When Life Gets in the Way of Art

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I've been a bit silent because I've been working non-stop to get TITANIA in shape and find an investor for my first shoot next month. ($15K in 3 weeks, wish me luck! Or send me a lead!)

I've also been silent because "life" has been happening. I think it was John Lennon who said "Life it what happens while you're making your plans." Since January I've been seeing my days usurped by doctors visits and soon to be surgery; a family member going through much worse healthwise; a 12 hour commute in an ice storm; a day spent scrubbing paint out of my carpet because my cat knocked the can off the shelf, and apparently the lid wasn't on tight enough; and another 5 hour trip to the vet for the same said cat, different episode.  And those are just the highlights. 

And each time - I can't help but think: I could be editing, I could be tracking down that investor lead, I could be making my final changes to HELL - instead of scrubbing paint out of the carpet.  I'm sure many of you have reasons, jobs, family, important commitments or spur of the moment pop-up commitments that take you away from our creative work too.

And sometimes they pile up so much at once, and you get so far behind you think you'll never catch up - and might have to give up shooting your first scene in the winter, pushing it back to next winter like you've done for the past two years.  But NOT this year - you promised yourself and intend to keep that promise, but how?  And then you come home and there's an email from a long lost industry colleague that says, "Is there anything I can do to help with your shoot?"  The kind of person who means it, who has done, the one you hoped would email you.  And relief floods in!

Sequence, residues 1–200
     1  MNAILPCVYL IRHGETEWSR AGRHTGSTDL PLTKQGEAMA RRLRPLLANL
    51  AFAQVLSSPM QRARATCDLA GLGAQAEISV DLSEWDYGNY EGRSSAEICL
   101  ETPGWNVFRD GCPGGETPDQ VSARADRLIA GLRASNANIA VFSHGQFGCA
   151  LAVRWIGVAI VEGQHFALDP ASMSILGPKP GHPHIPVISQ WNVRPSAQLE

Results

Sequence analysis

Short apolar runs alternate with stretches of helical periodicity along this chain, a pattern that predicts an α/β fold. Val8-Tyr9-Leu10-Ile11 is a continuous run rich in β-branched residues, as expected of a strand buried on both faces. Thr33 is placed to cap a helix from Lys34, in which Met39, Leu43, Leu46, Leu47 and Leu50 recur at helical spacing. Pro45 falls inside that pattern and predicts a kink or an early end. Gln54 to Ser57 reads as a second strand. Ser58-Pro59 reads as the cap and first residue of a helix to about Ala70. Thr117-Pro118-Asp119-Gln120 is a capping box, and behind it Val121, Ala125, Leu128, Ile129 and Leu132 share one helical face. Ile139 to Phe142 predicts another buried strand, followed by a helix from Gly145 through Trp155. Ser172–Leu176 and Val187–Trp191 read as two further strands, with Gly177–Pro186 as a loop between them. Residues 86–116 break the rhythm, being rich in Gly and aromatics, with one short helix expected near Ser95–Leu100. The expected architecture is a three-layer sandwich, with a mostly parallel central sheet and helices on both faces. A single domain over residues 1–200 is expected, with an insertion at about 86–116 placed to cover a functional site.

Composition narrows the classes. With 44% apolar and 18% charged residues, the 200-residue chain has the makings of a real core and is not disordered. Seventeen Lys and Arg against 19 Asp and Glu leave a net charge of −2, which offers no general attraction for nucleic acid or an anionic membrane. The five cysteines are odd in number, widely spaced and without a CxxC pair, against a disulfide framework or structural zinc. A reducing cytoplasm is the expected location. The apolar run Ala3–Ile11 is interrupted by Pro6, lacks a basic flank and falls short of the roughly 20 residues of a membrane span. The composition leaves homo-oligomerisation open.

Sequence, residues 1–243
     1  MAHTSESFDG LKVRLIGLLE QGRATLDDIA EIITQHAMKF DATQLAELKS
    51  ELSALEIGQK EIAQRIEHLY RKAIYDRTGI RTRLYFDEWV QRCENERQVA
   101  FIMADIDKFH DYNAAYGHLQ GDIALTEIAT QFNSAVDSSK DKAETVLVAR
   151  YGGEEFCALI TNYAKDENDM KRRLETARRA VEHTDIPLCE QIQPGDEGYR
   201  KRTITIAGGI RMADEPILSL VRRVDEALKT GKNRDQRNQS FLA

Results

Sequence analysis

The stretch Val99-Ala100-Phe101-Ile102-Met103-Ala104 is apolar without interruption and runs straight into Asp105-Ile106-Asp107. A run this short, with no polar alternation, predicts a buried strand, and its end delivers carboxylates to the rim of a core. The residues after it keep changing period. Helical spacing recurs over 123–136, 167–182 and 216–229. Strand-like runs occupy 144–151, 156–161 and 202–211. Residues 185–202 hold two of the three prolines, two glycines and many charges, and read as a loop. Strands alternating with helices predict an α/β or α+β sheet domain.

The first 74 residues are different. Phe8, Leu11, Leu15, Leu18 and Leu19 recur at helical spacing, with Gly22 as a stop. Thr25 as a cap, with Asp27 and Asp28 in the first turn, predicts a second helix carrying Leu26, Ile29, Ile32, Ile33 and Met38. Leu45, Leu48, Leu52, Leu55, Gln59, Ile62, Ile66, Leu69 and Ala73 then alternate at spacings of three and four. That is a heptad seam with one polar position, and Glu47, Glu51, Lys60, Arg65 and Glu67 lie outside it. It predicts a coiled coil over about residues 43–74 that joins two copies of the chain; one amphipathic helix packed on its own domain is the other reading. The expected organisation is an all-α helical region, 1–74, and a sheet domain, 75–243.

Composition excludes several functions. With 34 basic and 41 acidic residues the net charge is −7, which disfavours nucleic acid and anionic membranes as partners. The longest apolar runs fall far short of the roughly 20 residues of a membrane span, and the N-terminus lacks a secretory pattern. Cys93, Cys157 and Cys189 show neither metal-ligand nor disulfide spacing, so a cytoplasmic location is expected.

The biggest part of that relief though - is saying "Yes".  Allowing someone to help you is not always easy.  As indie filmmakers we take on too much by ourselves.  We often write, direct, edit, raise funds, etc. And think we can do it all - or have fear of letting go of a bit of control.  But as long as you let others know what you need (right now,  I need funds), and how much of the mountain they can claim (I'm keeping my make-up guy no matter what) - then it is so much easier to get things done. There is no need to be planning a shoot from your hospital bed.  That sounds ridiculous - but we indie directors/producers have done it.  You know you have!  ;)  Or something of the equivalent.  "The show must go on" and all that.  But sometimes, in order for that to happen, you need to hand over some of the duties to a partner. Give yourself a break somewhere, so you can give the attention needed and deserved to the things you're responsible for.

So, I emailed back and said "Yes!" I also emailed 5 people and said I needed funds if they know someone who knows someone...I'm about to attempt something in this shoot I've never seen on film before, and I'm so excited to try it!! And make it work.  And I'll post the production video diary here on Film Annex and tell you all what we did. 

But NOT from my hospital bed.  One thing I will do as I recover is catch up on all the Film Annex films and blogs I've missed while scrubbing paint out of the carpet.

(my TITANIA director's reel is now live: HERE)

About the author


I'm Lisa Stock, a writer and director based in New York. My films include “The Silent Nick and Nora”, “The Jules Verne Project”, and “HELL”. My work has been featured in festivals and screenings around the world including Cannes, London, New York, New Orleans, Tel Aviv, and Sao Paulo. I’ve…

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